By JACK WEATHERLY
Dr. Kenneth Cleveland has been named executive director of the Mississippi Medical Licensure Board.
The position has been vacant since July 1, when Dr. John Hall left after the board voted to not extend his contract after a year during which his aggressive style was brought to bear on physicians’ sexual behavior with patients.
“We did more disciplinary action in the first 90 days I was here than [Dr. H.] Vann Craig did in 10 years” in that position,” Hall said in an interview after the board voted May 18 not to renew his contract.
In those three months, about a half-dozen doctors surrendered their licenses and another half-dozen licenses were indefinitely suspended.
Dr. Charles Miles, president of the board, said on Monday that Cleveland’s tenure, which begins March 1, “may be a little kinder and gentler.”
Yet, Miles said, the board wants to become more transparent in his functions.
A major part of that will be an updated website that makes it easier for the public to see details of any disciplinary action taken by the board on physicians and others under its authority.
Consumer Reports in April 2016 ranked it 65th among all such sites.
Months later, the Atlanta Journal-Constitution said in a series of articles based on a yearlong investigative series that Mississippi ranked 51st among states and the District of Columbia in patient protection from abusive physicians.
Miles said he hopes the revamped website will be functioning by May, when the licensure period starts, ending July 1.
Dr. Claude Brunson, vice president of the board, said in an interview that information on the website has always been available, but that if information beyond a generic explanation was desired a $25 fee was charged to cover the agency’s research.
The technology of the revamped website will allow inquiries to go directly to the details of each case and obviate any need for assistance, Brunson said.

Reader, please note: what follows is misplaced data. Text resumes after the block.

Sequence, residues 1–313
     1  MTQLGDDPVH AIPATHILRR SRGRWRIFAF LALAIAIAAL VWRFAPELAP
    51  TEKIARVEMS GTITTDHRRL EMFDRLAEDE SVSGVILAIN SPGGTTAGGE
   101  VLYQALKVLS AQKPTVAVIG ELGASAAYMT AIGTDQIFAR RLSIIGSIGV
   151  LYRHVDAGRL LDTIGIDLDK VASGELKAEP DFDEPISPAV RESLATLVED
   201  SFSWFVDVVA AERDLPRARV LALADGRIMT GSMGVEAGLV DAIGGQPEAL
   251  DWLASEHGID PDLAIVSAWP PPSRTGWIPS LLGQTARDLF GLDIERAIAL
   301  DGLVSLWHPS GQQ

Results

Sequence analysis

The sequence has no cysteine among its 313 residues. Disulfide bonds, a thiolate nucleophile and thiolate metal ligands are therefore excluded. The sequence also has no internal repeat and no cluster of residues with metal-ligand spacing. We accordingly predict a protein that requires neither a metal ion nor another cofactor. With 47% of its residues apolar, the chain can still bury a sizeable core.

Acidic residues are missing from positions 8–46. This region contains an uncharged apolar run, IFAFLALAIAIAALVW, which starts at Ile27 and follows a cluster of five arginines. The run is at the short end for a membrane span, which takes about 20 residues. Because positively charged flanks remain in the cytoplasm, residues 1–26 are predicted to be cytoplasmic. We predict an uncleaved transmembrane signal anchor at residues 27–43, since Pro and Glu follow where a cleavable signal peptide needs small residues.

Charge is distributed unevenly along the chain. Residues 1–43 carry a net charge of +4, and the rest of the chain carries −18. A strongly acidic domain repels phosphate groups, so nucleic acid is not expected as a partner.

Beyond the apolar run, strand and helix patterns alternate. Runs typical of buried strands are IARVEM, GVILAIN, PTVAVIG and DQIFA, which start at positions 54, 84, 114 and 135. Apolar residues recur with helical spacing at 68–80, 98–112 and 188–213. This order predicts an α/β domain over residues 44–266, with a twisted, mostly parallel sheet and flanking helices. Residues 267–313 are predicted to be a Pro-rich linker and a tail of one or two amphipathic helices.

Miles said in a prepared statement that “in just this past year, we have been through an extensive evaluation process to assess and improve how we function.”
“We have been working on regulations to give better guidance to physicians on opioid prescribing.” Abuse of opioid pain relievers, which can be highly addictive, has become a national emergency.
“I am confident that Dr. Cleveland will build on the progress the board has made and lead this agency to a level that other boards across the nation will want to emulate,” Miles said in the statement.
Brunson said the board received 13 applications for the director’s position.
Cleveland completed his residency at the University of Mississippi Medical Center as chief surgical resident. He has since practiced medicine in the state as a surgeon and administrator.
Most recently, Cleveland was owner, chief executive and primary physician of Remedy True Health, which describes itself as “a medical spa specializing in weight loss, aesthetics and anti-aging services.”
It offers a procedure called “thermage,” noninvasive skin tightening.
He said in a prepared statement that he is “committed to utilizing this talented staff and board to license efficiently and regulate fairly those professionals under our charge.”
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